This is the big one for orangutans, and also relates back to the previous point drawing links between industrial agriculture, carbon emissions, and global warming. Huge swaths of rainforest land are cleared to support the industrial agricultural system, primarily for food like soybeans, palm oil, and cattle. Rainforests are storehouses of carbon that is then released into the atmosphere when they are destroyed (and then the food grown there is shipped around the world for processing and traveling to markets further exacerbating the issues at hand).
As serious and life-threatening as global warming is to us and all other animals, there are more obvious casualties happening daily because of the conversion of rainforest to plantation. The battle between palm oil plantations and orangutans is a particularly brutal one.
Orangutans need large areas of land to find enough food to support their large body size. They also are extremely intelligent and form mental maps of where their preferred feeding sites are located. They roam between these sites, knowing at what time of year they must be in certain locations to find the most energy-rich foods.
When someone comes and cuts down the forest where orangutans live it is not easy for them to just pack-up and relocate to a new area of forest — it might be occupied by other orangutans who have already capitalized on all that food, and they haven’t learned where all the feeding locations are outside of their home range. It would be like losing all of your current ways of procuring food — what would you do? How would you find food?
And so, many orangutans continue to hang out in the palm oil plantations where they are then considered nuisance animals by the palm oil companies that then trap, shoot, burn, or leave orangutans to reach any number of horrible ends.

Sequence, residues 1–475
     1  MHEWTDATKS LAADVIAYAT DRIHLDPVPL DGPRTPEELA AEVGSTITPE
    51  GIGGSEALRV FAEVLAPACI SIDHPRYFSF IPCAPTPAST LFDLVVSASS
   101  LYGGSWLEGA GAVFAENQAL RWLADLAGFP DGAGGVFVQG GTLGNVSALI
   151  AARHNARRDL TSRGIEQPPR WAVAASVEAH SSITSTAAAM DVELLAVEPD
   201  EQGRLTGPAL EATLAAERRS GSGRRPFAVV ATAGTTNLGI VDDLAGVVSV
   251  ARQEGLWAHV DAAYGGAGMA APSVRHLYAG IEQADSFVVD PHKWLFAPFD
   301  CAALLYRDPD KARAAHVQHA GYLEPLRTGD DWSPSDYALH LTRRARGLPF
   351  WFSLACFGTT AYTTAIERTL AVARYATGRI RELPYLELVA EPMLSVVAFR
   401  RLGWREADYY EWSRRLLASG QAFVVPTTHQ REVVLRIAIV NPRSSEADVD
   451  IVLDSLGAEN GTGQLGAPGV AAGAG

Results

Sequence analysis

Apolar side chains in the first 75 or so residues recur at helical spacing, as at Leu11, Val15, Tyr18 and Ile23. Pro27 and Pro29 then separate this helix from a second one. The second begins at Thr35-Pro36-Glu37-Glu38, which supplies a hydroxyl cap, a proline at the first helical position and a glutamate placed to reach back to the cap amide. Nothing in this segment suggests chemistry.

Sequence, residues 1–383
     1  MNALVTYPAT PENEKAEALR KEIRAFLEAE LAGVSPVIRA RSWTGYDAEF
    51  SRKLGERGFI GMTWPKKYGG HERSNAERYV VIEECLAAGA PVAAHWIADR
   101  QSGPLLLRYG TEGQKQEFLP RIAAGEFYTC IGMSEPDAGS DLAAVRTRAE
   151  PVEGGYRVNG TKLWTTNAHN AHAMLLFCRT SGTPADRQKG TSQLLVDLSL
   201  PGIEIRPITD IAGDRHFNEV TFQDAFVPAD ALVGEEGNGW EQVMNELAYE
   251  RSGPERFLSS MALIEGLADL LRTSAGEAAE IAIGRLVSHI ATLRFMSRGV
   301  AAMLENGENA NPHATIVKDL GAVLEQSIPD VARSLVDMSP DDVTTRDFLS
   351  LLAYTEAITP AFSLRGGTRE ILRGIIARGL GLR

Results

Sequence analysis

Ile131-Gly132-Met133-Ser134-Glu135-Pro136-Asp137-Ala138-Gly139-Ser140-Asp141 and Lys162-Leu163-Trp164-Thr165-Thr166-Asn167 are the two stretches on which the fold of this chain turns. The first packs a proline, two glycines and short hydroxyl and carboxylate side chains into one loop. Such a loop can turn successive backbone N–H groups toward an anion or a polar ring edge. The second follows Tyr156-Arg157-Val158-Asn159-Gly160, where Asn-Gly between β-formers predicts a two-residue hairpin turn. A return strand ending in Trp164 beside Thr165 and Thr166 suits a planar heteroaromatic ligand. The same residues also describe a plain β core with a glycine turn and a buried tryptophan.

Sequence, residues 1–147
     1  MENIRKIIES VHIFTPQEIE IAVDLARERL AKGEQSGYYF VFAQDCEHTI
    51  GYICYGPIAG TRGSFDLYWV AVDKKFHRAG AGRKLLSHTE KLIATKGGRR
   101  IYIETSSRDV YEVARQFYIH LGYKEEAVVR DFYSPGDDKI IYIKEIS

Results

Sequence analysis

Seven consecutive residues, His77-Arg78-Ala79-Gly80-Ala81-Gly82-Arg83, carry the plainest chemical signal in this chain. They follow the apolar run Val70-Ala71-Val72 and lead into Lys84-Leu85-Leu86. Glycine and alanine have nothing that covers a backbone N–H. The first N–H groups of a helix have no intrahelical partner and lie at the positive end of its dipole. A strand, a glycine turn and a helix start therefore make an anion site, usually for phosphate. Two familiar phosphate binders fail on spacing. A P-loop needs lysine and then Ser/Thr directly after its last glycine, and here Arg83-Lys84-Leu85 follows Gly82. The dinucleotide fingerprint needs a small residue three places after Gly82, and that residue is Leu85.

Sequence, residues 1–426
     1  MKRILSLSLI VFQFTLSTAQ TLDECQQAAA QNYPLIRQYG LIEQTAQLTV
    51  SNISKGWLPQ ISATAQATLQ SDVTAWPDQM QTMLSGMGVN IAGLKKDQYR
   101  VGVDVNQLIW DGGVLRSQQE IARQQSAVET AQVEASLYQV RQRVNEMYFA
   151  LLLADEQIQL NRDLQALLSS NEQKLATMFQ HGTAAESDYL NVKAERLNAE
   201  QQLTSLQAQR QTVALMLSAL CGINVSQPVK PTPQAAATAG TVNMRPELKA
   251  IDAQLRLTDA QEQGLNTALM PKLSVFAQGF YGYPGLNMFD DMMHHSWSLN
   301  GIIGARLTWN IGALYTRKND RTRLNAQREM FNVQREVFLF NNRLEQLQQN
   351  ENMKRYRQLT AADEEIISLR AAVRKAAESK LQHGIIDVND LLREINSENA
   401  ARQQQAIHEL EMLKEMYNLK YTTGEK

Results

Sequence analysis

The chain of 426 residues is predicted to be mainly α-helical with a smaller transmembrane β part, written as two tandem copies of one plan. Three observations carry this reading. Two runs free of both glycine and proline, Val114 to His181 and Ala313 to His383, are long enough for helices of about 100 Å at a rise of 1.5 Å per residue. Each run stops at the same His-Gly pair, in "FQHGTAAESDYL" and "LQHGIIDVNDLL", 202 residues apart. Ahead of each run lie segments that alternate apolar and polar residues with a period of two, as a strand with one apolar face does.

What to do?
Some palm oil activists have advocated boycotting palm oil products, but focusing on a boycott of industrialized products can be maddening. Almost half of the processed products you find have some derivative of palm oil.
Other palm oil activists suggest supporting companies that have signed on to the Roundtable on Sustainable Palm Oil (RSPO), which aims to “promot[e] the growth and use of sustainable oil palm products through credible global standards and engagement of stakeholders.”
The problem with the RSPO is that it is greenwashing. Crops grown in monoculture systems such as palm oil are inherently unsustainable, and it will never be sustainable for people in the United States and Europe to depend on a crop that was grown in Southeast Asia. It has to fly all over the world for processing, packaging, and delivery before it reaches us, creating unnecessary carbon emissions and waste.